Sunday in Lent. Tingswick co. Bucks, and prebendary 

4 see 8 May 1682. of Ripon. See Whitaker s Richmond- 

5 by virtue of the Chancellor's letters shire ii. pp. 187-192. 

dated, Th., 28 Feb. ; MS. Bodl. 594, ' John Lloyd, principal of Jes. Coll. 
p. 109. 

FEB.— APRIL, 1684. 


M., 24 Mar., 168 J, Mr. . . . Ralphson a nonconformist was buried. 
So Mr. (John) Aubrey in a note on the backside of tlie hfe of Mr. 
Thomas Bri^:htman, 3rd vol. Collectanea. 

Mar. 25, T., Henry Okever, gentleman-commoner, Trin. Coll., of 
Okeover in Staff., died\ (Arms :— )' ermine on a cheif 3 roundells.' 

[Henry Okever 2, I>,ach. of Arts and commoner of Trmity College, youngest son 
of Sir Rowland 0:<ever of Okever in Staffordshire, knight, died in Trin. Coll., T., 
24 March (Lady Day) 1684, aged 24 or thereabouts; and was buried in Magdalen 
parish church. (Arms :— )' ermine, on a cheif gules 3 bezants.'] 

Mar. 27, Th., paid goodwife i'ayne her quarteridge, 5J-. 

[Mar.-' 27, Maundy Thursd., died, at Carlile, Edward Rainbow, D.D., bishop of 
Carlilc] From Mr. (Thomas) Tully of Edmund hall, chancellor of Carlile— 
'lulward Rainbow, D.D., died 26 March (\V.) early in the morn, at his castle 
called Rosse Castle, and was buried 29 of the same month (S.) in the churchyard 
of Dalston under the chancell wall whereon was a plaine stone laid over him.' 
Rosse Castle is in the parish of DalsLon, about 5 miles distant from Carlile. See 
in Dr. Thomas Smith (in the See in Fasti, 1628. News letter dated 12 

Apr. (S.) saith that Dr. (Thomas) Smith, deane of Carlile, is to succeede. (Dr. 
(Thomas) Smith somtimcs fellow of Queen's Coll. was made deane of Carlile 
upon the promotion of Dr. Guy Cadton to the bishoprick of IJristow). (Thomas) 
Musgrave, somtimcs of Queen's Coll., son of Sir Christopher S prebendary' of 
Durham, succeeds in the deanery of Carlile (ut fcrtur) when Smith is conse- 

^ [16845, March 28, F., John ITawkyns, one of the Bible Clerks of Mert. Coll.,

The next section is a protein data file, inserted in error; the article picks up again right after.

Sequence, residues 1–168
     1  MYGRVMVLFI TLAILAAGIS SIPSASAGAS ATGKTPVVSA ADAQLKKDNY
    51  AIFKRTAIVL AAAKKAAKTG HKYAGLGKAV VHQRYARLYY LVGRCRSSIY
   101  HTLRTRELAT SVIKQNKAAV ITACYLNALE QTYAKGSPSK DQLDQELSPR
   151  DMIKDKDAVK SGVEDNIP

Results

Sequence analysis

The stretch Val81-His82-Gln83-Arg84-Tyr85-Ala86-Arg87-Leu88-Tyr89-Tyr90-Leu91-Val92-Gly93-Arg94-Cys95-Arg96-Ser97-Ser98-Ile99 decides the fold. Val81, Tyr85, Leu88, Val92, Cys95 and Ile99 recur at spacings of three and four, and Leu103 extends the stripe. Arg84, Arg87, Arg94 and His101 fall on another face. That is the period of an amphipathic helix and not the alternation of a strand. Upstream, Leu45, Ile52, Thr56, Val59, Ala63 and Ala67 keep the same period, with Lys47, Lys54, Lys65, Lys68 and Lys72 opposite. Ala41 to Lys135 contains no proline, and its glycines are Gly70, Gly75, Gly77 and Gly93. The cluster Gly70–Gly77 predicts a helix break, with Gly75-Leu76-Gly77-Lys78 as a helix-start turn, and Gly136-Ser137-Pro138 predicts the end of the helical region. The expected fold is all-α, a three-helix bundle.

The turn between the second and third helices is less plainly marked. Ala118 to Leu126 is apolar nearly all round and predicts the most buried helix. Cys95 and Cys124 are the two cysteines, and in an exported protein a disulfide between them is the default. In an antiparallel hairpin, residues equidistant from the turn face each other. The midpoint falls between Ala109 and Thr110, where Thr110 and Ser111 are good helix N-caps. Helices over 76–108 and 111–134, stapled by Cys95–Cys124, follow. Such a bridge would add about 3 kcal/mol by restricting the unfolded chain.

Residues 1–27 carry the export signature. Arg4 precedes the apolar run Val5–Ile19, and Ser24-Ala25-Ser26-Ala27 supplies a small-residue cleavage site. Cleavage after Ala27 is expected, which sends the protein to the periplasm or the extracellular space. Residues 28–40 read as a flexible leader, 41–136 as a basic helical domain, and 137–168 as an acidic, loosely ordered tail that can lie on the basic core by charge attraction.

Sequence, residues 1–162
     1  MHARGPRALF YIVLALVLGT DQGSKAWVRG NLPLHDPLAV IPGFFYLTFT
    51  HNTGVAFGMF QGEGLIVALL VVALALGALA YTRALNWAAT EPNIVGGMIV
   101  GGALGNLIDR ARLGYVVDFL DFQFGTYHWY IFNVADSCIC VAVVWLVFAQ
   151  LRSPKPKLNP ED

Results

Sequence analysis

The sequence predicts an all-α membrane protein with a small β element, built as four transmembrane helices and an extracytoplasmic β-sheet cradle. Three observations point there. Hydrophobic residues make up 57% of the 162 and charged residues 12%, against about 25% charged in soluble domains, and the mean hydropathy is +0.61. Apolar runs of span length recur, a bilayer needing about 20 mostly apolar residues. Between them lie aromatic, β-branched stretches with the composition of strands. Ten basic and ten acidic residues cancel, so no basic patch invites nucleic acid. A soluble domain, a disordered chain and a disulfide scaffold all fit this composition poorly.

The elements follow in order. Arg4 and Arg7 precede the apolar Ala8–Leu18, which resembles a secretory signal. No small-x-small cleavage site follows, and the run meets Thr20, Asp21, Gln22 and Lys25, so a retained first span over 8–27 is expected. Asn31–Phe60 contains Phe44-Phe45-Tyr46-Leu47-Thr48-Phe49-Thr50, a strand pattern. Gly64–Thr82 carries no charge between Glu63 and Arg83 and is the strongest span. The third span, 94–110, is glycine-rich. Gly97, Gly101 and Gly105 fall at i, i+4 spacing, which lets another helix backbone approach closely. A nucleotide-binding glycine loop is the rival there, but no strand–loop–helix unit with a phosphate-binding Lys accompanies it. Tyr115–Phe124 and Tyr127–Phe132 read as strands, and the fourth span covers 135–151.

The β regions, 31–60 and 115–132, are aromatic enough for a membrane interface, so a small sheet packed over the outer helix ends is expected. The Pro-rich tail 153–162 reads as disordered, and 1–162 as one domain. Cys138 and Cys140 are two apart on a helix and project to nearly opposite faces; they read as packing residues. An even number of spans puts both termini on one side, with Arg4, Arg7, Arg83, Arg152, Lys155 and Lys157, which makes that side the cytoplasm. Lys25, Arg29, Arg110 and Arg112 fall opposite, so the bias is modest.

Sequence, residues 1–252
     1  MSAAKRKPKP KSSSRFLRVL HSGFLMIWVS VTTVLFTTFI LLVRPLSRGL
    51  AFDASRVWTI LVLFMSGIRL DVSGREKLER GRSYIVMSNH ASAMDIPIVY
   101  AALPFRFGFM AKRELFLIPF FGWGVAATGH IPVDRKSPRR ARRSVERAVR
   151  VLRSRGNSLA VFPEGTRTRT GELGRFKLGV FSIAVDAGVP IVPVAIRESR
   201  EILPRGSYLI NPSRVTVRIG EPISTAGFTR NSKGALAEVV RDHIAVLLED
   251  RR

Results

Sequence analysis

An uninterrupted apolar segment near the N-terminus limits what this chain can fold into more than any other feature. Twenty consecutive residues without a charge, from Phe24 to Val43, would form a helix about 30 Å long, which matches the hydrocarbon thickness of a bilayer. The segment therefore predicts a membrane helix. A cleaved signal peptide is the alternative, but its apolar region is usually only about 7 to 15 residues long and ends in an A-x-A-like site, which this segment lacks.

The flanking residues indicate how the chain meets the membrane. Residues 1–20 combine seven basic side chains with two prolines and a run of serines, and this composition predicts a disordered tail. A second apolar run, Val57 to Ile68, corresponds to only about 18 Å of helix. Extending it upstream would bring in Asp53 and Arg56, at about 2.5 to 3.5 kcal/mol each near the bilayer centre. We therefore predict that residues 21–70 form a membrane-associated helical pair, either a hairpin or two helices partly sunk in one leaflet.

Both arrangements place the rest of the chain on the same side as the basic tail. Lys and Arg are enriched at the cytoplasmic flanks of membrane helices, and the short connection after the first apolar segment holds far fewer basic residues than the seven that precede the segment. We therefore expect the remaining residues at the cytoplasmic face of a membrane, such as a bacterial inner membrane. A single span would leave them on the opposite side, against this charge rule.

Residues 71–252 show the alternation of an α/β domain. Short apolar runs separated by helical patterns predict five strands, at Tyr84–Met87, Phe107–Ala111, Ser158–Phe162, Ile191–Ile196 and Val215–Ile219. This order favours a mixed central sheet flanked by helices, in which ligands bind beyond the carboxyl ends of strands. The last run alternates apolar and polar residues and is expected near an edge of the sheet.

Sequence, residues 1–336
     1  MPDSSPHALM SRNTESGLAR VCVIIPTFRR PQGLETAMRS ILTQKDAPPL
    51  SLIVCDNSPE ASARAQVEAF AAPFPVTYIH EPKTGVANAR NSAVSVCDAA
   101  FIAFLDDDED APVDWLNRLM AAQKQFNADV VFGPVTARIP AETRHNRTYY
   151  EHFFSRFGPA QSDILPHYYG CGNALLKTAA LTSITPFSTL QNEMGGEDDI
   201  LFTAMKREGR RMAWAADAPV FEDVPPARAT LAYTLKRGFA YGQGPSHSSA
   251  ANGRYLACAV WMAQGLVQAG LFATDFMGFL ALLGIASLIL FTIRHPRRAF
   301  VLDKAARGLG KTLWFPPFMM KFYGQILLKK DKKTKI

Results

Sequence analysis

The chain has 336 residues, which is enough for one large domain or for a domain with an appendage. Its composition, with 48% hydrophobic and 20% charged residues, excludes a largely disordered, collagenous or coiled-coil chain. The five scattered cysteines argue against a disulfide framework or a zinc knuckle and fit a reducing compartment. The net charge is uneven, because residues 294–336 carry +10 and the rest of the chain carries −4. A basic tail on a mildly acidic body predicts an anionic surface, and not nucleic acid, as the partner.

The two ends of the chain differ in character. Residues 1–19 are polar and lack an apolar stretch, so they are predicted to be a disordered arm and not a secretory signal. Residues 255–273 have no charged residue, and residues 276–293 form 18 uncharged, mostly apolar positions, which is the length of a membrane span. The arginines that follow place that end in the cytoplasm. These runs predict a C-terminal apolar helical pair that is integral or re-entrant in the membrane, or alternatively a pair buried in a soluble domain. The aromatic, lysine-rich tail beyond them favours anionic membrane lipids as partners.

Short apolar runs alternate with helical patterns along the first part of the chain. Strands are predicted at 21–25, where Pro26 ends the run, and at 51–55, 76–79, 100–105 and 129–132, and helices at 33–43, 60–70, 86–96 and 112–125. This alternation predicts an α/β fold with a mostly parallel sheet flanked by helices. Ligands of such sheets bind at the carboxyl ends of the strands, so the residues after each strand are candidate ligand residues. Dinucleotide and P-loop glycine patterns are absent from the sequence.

died in the house of his grandfather Richard Flawkyns, a paintcr-stayner, one of 
the 13 or the Mayor's Associats of the city of Oxon, and was buried, Su.' March 
30, in the north churchyard of All Saints church Oxon.] 

March (and) April, agues very frequent in Oxon, of several} 

April.— Apr. i, T., paid goodwife Watson the laundress her 
quarter, ^s. 

Apr. I, T., in the news letter that then came 'tis said that Sir 
Leoline Jenkyns had resign'd his place, and Sydney Godolphin 
succeeded. He still retaines his place of commissioner of the 

In Easter week" died major William Whorwood, equeirie to the 
Queen and keeper of the goods at Somerset house, yonger brother to 
Brome Whorwood of Halion. He died i Apr., Easter Tuesday ; see 
notes ^ p. 37. 

^ his epitaph is in Wood MS. F 29 A 
on a slip at fol. 335. 

^ note in Wood MS. F 4, p. 153. 

^ this part of the note is scored out, 
being corrected by the next part. 

* * Christopher' is underlined for cor- 

rection, and apparently ' Ph(ilip) ' siib- 
stituted for it. 

^ note in Wood AIS. E 33. 

^ Easter day this year fell on 30 


In the same week, as 'tis said/ died (William Brouncker) lord 
Brounkar^ Fasfi, 1646. 

About the beginning of this month Walter DarrelP, D.D., somtimes 
of Ch Ch., prebendary and archdeacon of Winton and rector of 
Crawley neare Winton, died at Winton. [He ' died 29 March, aged 
74; sepultus apud Dr. (Robert) Sharrock succeeded him m 

the archdeaconry.] 

About the beginning of this month (Richard) Thompson preben- 
dary of Bristow (somtimes of Univ. Coll.) was made deane of Bristow 
in the place of (Samuel) Crossman some time since dead. Installed 
on Trinity Sunday (25 May) 1684. No merits in him for it, but 
that he was brought upon his knees before the Parliament 1680 for 
being against petitioning for a parliament. 

Apr. 6, (Low Sunday), Mr. (William) Lloyd of Jesus Coll.